He was quite irresponsible for his actions, and he was quietly deposed, and the Regency entrusted to his uncle. Ludwig was sane enough, however, to understand. "I could endure to have the government taken from me,'' he said; "but to be declared insane—that I cannot outlive."
His disposition was announced to him 011 June 9th, 1886. Oil June 13th came the climax to his tragic life. After dinner, served at six o'clock, the King was taken for a walk by Dr Gudden, who-, deceived by his calmness, turned to the keeper as they left the castle, and dispensed with his attendance. As his Majesty and Dr Gudden had not returned by eight o'clock, a search party was organised. A wild commotion was caused by the startling news that the King's hat had been found beside the lake; then his Majesty's coat and overcoat, with Dr Gulden's hat and umbrella, were discovered on the bank.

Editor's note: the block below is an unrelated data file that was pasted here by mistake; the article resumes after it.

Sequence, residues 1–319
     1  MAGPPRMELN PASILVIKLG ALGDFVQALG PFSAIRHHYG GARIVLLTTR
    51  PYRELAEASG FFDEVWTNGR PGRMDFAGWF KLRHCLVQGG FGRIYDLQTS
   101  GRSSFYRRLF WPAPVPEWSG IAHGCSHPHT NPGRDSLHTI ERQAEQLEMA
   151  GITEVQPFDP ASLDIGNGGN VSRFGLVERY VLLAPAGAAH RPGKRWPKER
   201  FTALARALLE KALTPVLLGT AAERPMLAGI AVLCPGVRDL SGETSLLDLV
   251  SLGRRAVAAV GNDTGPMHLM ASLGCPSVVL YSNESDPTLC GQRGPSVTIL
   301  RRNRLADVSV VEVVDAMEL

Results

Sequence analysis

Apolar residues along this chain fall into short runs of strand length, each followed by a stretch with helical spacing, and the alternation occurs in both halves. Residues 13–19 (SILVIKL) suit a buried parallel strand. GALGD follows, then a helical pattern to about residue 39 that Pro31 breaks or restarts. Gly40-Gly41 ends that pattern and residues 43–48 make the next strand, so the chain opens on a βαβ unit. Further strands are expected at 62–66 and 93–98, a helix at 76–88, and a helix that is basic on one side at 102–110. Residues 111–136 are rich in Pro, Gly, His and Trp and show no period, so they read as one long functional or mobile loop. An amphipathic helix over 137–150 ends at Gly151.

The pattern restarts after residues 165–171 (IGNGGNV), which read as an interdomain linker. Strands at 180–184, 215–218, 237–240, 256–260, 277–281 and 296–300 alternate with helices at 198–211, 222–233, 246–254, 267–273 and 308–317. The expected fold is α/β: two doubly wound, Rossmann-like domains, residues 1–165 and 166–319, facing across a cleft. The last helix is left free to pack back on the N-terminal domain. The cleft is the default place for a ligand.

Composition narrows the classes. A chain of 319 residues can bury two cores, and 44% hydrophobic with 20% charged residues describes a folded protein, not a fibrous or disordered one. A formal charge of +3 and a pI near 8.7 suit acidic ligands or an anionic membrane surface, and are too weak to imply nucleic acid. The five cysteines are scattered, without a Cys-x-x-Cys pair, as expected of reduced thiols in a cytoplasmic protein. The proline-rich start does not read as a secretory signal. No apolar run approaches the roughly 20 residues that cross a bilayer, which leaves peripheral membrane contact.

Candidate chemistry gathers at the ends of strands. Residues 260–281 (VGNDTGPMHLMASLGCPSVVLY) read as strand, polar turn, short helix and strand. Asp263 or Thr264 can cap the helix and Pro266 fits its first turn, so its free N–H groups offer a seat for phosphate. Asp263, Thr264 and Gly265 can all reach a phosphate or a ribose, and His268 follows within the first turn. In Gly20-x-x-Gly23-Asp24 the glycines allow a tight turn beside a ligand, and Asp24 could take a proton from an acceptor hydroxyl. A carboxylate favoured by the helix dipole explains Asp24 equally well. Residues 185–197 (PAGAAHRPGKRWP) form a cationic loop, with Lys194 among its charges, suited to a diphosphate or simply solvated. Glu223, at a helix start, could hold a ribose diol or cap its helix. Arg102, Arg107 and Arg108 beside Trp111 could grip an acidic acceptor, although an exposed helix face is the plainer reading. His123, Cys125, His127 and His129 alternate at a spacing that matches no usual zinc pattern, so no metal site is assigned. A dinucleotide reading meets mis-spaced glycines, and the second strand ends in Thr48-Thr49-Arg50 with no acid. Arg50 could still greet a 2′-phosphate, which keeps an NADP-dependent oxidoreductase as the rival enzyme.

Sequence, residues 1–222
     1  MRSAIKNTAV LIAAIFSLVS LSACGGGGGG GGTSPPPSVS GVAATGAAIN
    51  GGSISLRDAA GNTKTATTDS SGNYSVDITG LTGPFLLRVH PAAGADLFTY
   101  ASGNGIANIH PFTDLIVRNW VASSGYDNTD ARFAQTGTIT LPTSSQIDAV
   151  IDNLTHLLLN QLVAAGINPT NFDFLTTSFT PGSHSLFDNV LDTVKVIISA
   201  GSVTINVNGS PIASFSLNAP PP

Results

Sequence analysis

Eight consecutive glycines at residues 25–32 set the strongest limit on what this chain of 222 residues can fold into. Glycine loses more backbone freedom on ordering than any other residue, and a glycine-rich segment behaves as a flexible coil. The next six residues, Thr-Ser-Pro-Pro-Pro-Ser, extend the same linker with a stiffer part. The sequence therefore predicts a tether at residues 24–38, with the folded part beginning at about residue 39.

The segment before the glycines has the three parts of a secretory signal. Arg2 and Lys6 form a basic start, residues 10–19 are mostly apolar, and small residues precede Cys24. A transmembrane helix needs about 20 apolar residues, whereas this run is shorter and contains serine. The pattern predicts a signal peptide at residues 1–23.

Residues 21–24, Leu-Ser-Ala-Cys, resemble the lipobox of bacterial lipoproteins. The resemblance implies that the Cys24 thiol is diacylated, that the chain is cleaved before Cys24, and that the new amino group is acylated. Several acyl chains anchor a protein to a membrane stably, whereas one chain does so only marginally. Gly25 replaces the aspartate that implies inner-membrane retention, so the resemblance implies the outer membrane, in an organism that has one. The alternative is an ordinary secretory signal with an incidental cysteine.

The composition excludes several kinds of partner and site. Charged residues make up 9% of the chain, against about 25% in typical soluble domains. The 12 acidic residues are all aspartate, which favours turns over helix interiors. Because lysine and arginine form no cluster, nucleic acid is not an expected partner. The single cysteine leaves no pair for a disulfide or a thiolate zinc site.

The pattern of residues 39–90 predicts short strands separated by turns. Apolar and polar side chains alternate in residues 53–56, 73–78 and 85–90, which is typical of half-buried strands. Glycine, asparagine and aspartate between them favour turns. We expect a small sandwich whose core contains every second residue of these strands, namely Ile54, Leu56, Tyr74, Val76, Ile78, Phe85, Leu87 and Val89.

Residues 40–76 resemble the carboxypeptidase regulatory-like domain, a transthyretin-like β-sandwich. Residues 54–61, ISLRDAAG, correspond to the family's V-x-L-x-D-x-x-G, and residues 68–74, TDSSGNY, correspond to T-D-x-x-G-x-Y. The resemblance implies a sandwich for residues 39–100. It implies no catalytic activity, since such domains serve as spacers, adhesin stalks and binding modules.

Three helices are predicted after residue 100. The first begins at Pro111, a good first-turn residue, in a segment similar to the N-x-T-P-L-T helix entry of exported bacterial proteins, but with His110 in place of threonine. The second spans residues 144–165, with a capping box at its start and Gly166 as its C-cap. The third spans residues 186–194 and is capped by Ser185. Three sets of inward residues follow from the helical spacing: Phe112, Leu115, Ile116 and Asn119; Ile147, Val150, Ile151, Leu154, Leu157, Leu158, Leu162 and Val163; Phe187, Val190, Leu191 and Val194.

Before long tire dead bodies of the King and Dr Gudden were found in the lake. Whether the King, intent on suicide, not only drowned himself but the man who would have rescued him, or whether he lost his life in striving to gain the opposite shore with the int-eaifcion of escaping from his captors, are questions that must remain for ever unanswered. At the time of the tragedy the Empress of Austria was staying at- the castle of Feldaffing, almost opposite the castle of Berg where Ludwig was. Before his eccentricities had reached the stage of madness, the King hud often, received visits from the Empress, who was almost Ins only woman friend, and who alone was in complete svmpathy with him. On that Sunday night- when Ludwig met his death, a, wild scream alarmed her Majesty's attendants, who, on_ rushing to her room, found her almost beside herself with terror, because of a dream from which she had just wakened, and which she couad hardly convince herself was not reality. In this she had seen Ludwig standing by her bed, looking pale and distraught, water pouring from his hair and clothes in torrents that threatened to flood the room and drown her.